Instead, in his words, most stocks were “cold sober,” although a few did show signs of “overindulgence.” His conclusion: “not much of an orgy.” The most recent book published on the 1929 crash is The Causes of the 1929 Stock Market Crash, written by Harold Bierman, Jr., a professor at Cornell University. Bierman applies modern standards of market valuation to analyze 1929 stock prices. First, he calculates that the market P/E ratio in 1929 was 16.3 to 1. Then, using the discounted cash-flow model developed many years after the 1929 crash (which will be discussed in detail in later chapters; see definition on page 156), he finds that an annual rate of dividend increase of 3.6% would have been sufficient, by later standards, to support the 1929 market P/E. In fact, the rate of dividend increases throughout the 1920s was significantly higher than 3.6%, and even conservative estimates of future dividend growth were at least as great.
consumer spending; and crash of 1929; on credit; during World War II Cooke, Jay, & Company Coolidge, Calvin Cornell University corners; of silver market, see silver crisis Cornfeld, Bernard Corn Products Corrigan, Gerald cost-push inflation Council of National Defense covariance Cowles, Alfred Cox, Albert Crane, Burton crashes; of 1837; of 1929, ; of 1962; of 1987; see also panics Cuban missile crisis customer stock purchase plans Cutten, Arthur Darvas, Nicholas Darwin, Charles Day and Night Bank DeAngelis, Anthony De Bondt, Werner Defense Department, U.S. defined-benefit pension plans defined-contribution pension plans Democratic party democratization of stock market depressions; fear of; of 1920–21; see also Great Depression Detroit Law School Dewey, Thomas Dillon, Douglas Dines, James discounted cash-flow model; see also Dividend Discount Model; present value, determination of Disney Dividend Discount Model Dodd, David Douglas, William O. Dow, Charles Dow Jones Industrial Average; and crash of 1962; and crash of 1987; and Eisenhower administration; graphs of ; during Great Depression; and Kennedy administration ; and Kennedy assassination; and “October Massacre,” ; effect of Federal Reserve policies on; launching of; mutual fund performance compared with; New Era advocates and; during World War I; during World War II Dow theory Drew, Daniel Drexel Burnham Lambert Duer, William Du Pont Corporation Eastman Kodak Eccles, Marriner Eckert-Mauchly Computer Corporation Eckstein, Otto efficient market theory; arbitrage and; behavioralist critique of; and crash of 1987 Eisenhower, Dwight D.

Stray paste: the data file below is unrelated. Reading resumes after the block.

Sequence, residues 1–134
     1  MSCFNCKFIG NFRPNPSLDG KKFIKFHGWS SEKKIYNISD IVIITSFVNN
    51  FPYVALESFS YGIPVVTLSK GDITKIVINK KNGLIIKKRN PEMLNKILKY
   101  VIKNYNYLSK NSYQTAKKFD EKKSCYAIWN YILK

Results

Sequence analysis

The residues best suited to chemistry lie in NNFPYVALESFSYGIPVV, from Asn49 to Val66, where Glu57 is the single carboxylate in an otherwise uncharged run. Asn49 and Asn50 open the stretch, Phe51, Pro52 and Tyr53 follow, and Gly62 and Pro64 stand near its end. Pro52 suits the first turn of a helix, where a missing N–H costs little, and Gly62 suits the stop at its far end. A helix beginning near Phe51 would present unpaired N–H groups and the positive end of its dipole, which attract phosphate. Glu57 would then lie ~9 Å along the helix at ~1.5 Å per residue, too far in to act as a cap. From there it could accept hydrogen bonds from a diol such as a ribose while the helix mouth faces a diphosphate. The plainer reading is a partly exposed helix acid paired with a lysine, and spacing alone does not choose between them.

Zero to One: Notes on Startups, or How to Build the Future by Peter Thiel, Blake Masters
Airbnb, Albert Einstein, Andrew Wiles, Andy Kessler, Berlin Wall, cleantech, cloud computing, crony capitalism, discounted cash flows, diversified portfolio, don't be evil, Elon Musk, eurozone crisis, income inequality, Jeff Bezos, Lean Startup, life extension, lone genius, Long Term Capital Management, Lyft, Marc Andreessen, Mark Zuckerberg, minimum viable product, Nate Silver, Network effects, new economy, paypal mafia, Peter Thiel, pets.com, profit motive, Ralph Waldo Emerson, Ray Kurzweil, self-driving car, shareholder value, Silicon Valley, Silicon Valley startup, Singularitarianism, software is eating the world, Steve Jobs, strong AI, Ted Kaczynski, Tesla Model S, uber lyft, Vilfredo Pareto, working poor